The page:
The push, after a massive spike in Argentine beef exports to the world’s No. 2 economy this year, underscores how China is looking to diversify its protein supply, shaking up the global meat trade as African swine fever hammers its domestic hog herd.

It is also an important windfall for Latin America’s third-biggest economy, which is battling to get out of a deep recession and facing a swirling debt crisis ahead of elections in October that will likely usher in a new government.

Argentina, which traditionally exports cheaper cuts to China, saw its beef sales to the country more than double to $870 million in the first seven months of the year, data from its official INDEC statistics agency shows.

Chinese customs data show that amounted to around 185,604 tons of Argentine beef, giving it the top share of the Chinese import market with 21.7 percent, slightly ahead of Brazil’s 21.03 percent. That volume was a jump of 129 percent against the year before.

Santiago del Solar, chief of staff to Argentina’s agriculture minister, told Reuters there were many slaughterhouses up for approval and that China was working closely with Argentine food safety body Senasa.

“We will have news in the coming months about more pork, poultry and beef slaughterhouses being approved for China,” he said, adding Senasa was doing some inspections on behalf of China using an “honor system.”

Argentina’s ranchers are now looking for more. A trade delegation is currently in China meeting with potential buyers of the country’s meat, an industry official with knowledge of the meetings said.

The person added that a Chinese team had also recently traveled to Argentina to visit local meat plants.

“The Chinese were there last week in Buenos Aires, they were doing inspections and made good progress. The plants issue is pretty good, but with China they make approvals when they want to do it,” he said.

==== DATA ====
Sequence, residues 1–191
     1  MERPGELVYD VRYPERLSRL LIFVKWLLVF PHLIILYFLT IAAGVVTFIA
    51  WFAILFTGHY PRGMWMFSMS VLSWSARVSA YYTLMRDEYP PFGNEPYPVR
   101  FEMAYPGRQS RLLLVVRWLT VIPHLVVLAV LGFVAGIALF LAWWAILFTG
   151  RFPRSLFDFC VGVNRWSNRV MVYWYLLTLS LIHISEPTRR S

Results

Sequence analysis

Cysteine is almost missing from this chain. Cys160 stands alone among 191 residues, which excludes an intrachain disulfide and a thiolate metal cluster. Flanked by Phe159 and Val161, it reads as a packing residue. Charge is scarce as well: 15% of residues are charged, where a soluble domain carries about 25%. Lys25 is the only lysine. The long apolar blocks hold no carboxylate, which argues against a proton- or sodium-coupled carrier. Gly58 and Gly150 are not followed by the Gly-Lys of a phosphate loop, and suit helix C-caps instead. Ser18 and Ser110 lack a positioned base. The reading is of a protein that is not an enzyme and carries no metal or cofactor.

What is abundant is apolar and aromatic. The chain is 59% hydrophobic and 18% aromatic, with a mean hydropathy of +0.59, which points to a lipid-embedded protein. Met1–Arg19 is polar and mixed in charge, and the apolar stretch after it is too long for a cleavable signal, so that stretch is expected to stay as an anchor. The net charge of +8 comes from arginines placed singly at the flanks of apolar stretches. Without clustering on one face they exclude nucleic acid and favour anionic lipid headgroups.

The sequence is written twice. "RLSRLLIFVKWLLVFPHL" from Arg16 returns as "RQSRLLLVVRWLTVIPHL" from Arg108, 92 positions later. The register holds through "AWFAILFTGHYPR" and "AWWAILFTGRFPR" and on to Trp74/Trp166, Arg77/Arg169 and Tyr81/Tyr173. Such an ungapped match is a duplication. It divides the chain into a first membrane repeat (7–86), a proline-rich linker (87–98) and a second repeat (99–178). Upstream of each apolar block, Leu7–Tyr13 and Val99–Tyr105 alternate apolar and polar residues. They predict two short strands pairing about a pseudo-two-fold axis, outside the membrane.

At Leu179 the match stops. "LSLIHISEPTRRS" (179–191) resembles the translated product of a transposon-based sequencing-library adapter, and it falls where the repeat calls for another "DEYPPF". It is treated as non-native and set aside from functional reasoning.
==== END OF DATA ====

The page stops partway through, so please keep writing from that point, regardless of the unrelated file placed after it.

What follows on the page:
“We are optimistic with the results. It seems they didn’t find anomalies, but yes, it depends on the time frame of the Chinese.”

The progress comes after China granted export licenses to 25 Brazilian meatpacking plants earlier this month. Brazil has also seen a surge in meat demand from China.

China’s General Administration of Customs, which approves new imports, also recently gave the green light to imports of soymeal from Argentina, following decades of talks between the two countries.

The customs body did not immediately respond to a faxed request for comment from Reuters asking about new Chinese approvals for Argentine meat plants.

A second person, a manager at a state-owned Chinese trading house, said he had met with an Argentine firm last week during the delegation’s visit. He declined to name the firm, which had met with China customs officials, but said it had already been approved for exports and was seeking further plant approvals.

Miguel Schiariti, president of the CICCRA meat industry chamber, said a Chinese team had also recently done a video-conference inspection of an Argentine plant alongside Senasa, with the aim of approving the facility for export.

“There are 11 meat plants ready to be approved and (the Chinese) are doing it one by one. But approval is taking a long time,” he said.

“These places would meet the criteria for approval, but the Chinese have always been very cautious, despite the problems they have with pork. It seems to me that plants won’t get approved before November.”